These days, I mainly invest in stocks. If you invest wisely, stock investing is a low-risk and decent-return option.


Bonds are a type of debt security that represent a loan made by an investor to a borrower, typically a corporation or government entity.

The borrower pays interest to the investor over a set period of time, and at the end of the term, the principal is repaid.

Bonds are generally considered to be less risky than stocks, but also offer a lower potential return.

If you want to really minimize the risks, consider bonds.

Mutual Funds

Mutual funds are a type of investment that pools money from multiple investors to purchase a portfolio of stocks, bonds, or other securities.

This diversification can help reduce risk and provide exposure to a range of assets.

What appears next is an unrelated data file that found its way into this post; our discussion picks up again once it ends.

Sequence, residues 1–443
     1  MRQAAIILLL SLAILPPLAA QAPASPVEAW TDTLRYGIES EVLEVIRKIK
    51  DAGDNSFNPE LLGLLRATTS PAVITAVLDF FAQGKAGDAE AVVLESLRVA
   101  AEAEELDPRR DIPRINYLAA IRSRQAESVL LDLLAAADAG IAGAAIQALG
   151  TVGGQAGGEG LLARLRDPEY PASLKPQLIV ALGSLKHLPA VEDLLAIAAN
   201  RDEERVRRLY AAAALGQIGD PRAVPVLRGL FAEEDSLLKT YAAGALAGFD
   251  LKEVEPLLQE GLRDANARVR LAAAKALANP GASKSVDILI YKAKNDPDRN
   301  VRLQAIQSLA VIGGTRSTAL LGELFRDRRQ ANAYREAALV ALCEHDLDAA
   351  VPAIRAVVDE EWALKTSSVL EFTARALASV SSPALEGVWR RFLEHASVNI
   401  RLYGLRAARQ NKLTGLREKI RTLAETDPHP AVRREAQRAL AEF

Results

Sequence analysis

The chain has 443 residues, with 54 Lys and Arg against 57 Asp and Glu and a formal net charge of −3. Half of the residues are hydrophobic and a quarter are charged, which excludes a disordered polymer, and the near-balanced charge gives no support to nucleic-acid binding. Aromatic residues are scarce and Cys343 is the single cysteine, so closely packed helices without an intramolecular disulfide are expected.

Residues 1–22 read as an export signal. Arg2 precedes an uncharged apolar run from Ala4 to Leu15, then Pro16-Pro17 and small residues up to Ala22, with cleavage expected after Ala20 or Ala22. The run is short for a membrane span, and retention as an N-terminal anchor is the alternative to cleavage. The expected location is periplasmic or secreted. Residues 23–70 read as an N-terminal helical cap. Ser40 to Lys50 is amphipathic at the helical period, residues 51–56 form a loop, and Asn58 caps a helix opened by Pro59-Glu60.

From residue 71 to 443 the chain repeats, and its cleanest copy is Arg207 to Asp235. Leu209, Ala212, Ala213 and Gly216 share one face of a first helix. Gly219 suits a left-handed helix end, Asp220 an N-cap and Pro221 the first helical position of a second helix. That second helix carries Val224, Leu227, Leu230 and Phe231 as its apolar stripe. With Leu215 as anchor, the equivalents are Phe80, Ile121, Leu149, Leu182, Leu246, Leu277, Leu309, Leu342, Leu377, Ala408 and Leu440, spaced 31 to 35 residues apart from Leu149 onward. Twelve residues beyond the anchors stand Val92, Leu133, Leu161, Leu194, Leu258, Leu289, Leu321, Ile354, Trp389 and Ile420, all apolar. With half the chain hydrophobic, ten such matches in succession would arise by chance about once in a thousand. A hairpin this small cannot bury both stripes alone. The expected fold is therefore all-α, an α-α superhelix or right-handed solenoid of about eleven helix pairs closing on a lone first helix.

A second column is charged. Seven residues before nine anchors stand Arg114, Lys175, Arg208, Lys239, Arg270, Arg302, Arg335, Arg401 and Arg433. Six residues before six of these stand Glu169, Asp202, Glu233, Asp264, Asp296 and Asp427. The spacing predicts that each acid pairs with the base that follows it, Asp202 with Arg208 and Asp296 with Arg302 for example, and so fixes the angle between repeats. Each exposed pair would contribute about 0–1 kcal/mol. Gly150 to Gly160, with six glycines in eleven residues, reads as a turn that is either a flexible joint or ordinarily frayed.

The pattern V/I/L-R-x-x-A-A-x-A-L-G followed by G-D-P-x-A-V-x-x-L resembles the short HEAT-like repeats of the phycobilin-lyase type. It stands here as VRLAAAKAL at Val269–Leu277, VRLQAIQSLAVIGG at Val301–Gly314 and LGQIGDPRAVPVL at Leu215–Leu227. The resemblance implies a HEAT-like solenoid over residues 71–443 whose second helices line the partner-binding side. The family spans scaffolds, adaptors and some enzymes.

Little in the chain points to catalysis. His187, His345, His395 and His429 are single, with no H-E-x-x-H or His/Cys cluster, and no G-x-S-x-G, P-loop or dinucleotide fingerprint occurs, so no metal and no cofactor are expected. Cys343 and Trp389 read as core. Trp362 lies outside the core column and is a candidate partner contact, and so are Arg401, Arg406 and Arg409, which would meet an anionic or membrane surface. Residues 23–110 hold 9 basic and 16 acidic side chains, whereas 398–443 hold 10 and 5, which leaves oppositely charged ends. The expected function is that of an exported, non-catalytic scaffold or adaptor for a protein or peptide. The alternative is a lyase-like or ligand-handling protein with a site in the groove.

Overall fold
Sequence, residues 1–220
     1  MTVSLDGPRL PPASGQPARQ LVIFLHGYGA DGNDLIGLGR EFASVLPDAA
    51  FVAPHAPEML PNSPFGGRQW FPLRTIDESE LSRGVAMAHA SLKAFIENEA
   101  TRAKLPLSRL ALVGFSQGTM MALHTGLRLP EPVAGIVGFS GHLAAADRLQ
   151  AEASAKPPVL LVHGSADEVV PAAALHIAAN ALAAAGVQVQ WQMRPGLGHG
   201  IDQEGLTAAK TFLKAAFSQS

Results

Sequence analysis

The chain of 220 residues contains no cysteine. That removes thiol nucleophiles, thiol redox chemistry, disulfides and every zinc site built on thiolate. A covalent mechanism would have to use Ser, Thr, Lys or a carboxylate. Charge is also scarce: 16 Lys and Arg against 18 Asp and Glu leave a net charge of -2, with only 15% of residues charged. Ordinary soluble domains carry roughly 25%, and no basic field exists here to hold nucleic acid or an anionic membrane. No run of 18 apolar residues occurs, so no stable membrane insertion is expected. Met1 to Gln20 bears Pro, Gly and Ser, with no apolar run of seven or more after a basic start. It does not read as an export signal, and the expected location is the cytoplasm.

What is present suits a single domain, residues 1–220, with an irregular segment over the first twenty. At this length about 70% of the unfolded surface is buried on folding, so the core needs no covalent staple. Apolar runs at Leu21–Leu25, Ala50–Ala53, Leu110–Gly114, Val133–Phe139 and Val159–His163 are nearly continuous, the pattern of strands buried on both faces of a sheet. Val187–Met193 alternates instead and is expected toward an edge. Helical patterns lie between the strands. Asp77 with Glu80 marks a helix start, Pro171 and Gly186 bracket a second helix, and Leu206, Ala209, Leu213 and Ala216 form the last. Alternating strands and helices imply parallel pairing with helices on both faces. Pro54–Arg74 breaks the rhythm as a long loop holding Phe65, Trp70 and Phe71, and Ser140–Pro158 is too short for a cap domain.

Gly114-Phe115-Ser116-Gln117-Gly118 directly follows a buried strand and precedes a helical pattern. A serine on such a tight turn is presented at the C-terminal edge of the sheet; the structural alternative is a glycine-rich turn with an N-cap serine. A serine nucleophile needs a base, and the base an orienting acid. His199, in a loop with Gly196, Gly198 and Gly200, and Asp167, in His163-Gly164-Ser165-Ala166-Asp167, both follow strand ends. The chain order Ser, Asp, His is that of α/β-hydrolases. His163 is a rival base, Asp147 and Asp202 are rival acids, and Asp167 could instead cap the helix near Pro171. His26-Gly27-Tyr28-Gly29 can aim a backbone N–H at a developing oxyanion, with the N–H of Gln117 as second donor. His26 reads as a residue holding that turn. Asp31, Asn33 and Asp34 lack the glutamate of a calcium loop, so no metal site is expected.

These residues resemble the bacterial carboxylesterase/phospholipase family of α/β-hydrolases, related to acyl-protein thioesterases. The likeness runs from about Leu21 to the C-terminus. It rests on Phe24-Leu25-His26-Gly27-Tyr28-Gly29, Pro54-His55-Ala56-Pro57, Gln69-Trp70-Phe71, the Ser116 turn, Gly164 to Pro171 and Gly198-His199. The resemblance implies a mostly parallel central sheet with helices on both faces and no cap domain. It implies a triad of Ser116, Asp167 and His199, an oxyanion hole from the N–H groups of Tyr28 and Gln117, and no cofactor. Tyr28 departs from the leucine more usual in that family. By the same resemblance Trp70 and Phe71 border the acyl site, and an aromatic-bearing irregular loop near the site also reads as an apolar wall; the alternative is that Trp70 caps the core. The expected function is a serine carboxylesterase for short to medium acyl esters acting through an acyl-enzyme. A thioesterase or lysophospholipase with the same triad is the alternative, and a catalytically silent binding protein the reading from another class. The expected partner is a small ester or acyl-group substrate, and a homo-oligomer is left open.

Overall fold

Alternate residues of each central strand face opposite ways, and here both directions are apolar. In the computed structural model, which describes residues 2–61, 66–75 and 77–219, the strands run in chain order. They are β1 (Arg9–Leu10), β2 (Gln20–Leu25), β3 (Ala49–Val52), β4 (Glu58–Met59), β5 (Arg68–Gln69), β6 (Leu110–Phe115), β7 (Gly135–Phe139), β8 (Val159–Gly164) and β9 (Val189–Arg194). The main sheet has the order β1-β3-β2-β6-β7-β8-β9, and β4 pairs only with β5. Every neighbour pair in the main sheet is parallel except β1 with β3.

Mutual funds are managed by professional fund managers who make investment decisions on behalf of the investors.

Exchange-Traded Funds (ETFs)

ETFs are similar to mutual funds in that they offer exposure to a diversified portfolio of securities. However, ETFs are traded on an exchange like a stock, and their prices fluctuate throughout the day.

ETFs can offer lower fees and greater flexibility than mutual funds.

In summary, there are a variety of investment options available to beginners, including stocks, bonds, mutual funds, and ETFs.

It is important to do your research and understand the risks and potential returns of each option before investing.

Investing Strategy I Use

In example #1 I provided above, you learned that investment in the Dow Jones index can generate an average of 10% per year, even if you do nothing during recession years when stock prices can drop by 30-50%.